Why Health Care Should Not Be Defined as a “Fundamental Right”

By Steve Buckstein

The Oregon House of Representatives has voted for HJR 203, which would add a section to the Oregon Constitution making health care a “fundamental right” of every Oregonian. If passed by the Senate, Oregon voters will be asked in November to put this language in our Constitution:

“It is the obligation of the state to ensure that every resident of Oregon has access to cost-effective, medically appropriate and affordable health care as a fundamental right.”

Cascade Policy Institute board member Michael Barton, Ph.D. and I testified in opposition to earlier versions of this legislation. Dr. Barton gave us a history and philosophy lesson, explaining how the American government was founded on the principle that government does not grant rights, it simply protects our inalienable rights such as those to life, liberty and the pursuit of happiness. He explained that our rights define what we are free to do without interference; they are not goods or services that others must provide for us. He expounded on these concepts in his 2006 Cascade Commentary, “Right to Health Care Violates Individual Rights.”

While I object to defining health care as a right on a philosophical level, on a political level I understand that government tries to grant such positive rights all the time. In this case, passing this constitutional amendment will make some people feel good. It may say that we care deeply about the uninsured; but it only gives intellectual lip service, if that, to the matter of future costs.

More and more people will say, “I have a right to not care about the costs, because I have an unqualified right to health care.”

Define health care as a fundamental right, and cost control will go out the window. Witness Oregon’s public school system, where education is supposedly “free” and yet taxpayers are asked to pay more and more for little (if any) improvement in real quality. As in education, health care innovation will become mired in bureaucratic process.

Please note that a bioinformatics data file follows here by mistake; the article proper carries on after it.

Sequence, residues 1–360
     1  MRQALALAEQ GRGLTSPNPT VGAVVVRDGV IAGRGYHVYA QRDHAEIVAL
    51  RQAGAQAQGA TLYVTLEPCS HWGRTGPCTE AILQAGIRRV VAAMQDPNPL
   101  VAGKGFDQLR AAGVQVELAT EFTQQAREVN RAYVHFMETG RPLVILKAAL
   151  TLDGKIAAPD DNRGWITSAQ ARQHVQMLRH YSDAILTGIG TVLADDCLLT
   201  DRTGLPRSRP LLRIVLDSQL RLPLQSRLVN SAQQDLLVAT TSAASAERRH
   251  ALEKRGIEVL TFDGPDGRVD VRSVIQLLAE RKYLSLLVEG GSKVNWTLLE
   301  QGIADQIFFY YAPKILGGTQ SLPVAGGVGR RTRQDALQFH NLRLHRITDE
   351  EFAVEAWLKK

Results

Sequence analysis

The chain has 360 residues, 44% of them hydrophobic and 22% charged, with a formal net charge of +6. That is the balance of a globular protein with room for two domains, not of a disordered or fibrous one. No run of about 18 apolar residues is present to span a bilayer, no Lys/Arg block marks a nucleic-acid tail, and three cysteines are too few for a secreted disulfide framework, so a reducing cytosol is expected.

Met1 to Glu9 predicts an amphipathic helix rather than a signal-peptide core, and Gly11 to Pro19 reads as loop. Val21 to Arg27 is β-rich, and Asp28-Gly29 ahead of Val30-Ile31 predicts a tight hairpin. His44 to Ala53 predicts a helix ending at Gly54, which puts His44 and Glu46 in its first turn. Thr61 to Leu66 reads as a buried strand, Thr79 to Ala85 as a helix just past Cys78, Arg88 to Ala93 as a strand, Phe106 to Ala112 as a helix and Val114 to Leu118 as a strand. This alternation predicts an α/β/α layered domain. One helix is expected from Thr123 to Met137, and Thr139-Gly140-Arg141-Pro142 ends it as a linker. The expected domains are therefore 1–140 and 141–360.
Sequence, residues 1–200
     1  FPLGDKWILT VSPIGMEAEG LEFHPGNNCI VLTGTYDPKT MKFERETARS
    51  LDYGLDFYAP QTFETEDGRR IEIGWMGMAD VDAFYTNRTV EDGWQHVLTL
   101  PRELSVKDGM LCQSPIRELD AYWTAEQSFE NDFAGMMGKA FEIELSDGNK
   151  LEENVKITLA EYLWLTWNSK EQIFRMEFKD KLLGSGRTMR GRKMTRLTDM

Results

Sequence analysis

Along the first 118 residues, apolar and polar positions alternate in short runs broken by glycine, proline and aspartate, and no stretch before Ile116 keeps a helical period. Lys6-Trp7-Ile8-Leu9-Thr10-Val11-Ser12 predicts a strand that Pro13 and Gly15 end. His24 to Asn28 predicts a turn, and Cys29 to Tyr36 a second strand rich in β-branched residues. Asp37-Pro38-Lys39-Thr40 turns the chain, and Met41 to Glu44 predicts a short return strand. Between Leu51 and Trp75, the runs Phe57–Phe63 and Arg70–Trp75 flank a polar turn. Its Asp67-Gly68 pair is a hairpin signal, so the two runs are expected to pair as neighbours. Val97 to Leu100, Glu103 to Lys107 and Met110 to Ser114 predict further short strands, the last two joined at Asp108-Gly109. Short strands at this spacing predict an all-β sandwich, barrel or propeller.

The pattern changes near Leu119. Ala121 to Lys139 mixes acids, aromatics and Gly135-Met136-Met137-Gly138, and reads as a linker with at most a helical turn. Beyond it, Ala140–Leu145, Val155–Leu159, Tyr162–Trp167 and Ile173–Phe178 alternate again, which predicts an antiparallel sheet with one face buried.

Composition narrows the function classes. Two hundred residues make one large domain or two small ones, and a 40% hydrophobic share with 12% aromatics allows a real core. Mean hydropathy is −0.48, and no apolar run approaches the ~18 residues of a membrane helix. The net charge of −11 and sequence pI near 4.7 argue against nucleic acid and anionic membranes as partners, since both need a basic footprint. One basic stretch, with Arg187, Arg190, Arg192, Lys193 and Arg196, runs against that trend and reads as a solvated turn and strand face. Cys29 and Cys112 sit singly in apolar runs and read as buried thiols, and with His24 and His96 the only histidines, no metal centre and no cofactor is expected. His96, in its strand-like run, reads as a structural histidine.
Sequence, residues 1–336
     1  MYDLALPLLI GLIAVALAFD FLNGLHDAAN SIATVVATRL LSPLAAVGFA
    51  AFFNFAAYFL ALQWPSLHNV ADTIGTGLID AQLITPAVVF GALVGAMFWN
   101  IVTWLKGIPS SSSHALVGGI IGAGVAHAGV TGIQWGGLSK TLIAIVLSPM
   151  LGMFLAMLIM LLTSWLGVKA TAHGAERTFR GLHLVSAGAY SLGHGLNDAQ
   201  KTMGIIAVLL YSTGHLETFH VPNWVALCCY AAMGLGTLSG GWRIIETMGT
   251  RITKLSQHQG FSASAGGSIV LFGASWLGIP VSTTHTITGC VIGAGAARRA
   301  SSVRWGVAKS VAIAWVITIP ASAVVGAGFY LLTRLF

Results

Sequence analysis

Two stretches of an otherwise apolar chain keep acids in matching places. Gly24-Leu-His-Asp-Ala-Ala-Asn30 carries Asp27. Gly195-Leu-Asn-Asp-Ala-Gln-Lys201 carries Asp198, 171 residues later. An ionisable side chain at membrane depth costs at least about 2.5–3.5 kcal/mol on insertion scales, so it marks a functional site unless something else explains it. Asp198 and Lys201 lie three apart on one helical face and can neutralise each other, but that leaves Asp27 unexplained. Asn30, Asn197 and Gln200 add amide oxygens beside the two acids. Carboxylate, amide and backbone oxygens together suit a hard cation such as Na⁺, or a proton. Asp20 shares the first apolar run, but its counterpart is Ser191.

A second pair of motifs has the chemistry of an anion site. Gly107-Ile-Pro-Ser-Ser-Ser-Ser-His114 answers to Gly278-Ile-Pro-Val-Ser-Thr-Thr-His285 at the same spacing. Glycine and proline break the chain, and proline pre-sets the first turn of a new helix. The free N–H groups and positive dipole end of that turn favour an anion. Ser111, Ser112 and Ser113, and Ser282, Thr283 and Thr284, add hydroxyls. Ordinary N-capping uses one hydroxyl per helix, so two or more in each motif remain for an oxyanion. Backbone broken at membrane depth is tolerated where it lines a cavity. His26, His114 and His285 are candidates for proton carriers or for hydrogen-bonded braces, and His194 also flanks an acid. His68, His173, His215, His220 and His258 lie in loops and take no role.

And who will have the task of controlling the economics? Is the Oregon legislature going to assume responsibility for that? An elegantly composed commission? A superhuman future governor? Or do we assume private insurance companies will simply figure it out?

A key argument against this proposal is the recognition that a “fundamental right” to health care would seem to trump everything else in the Oregon Constitution. If the legislature comes up with a plan to make good on this “fundamental right,” what happens when voters reject the new taxes needed to pay for it?

Since neither education, transportation, criminal justice, nor any other state government service is defined as a “fundamental right” in our Constitution, then funding for these services might be cannibalized to fund the one “fundamental right” in that document, health care. But voters won’t be presented with this reality when marking their ballots in November. This potential clash of essential services may make for strange bedfellows in future election battles. Will the teachers union, for example, want to lose funding to the health care providers?

The unintended consequences of this proposal are almost endless. But that’s the way the game is played for now, and the next inning will play out in the Oregon Senate before the end of this short legislative session. Stay tuned….

(This article is an update on a legislative post, published here, regarding an earlier version of this legislation which was considered in 2008.)

Steve Buckstein is Senior Policy Analyst and Founder at Cascade Policy Institute, Oregon’s free market public policy research organization.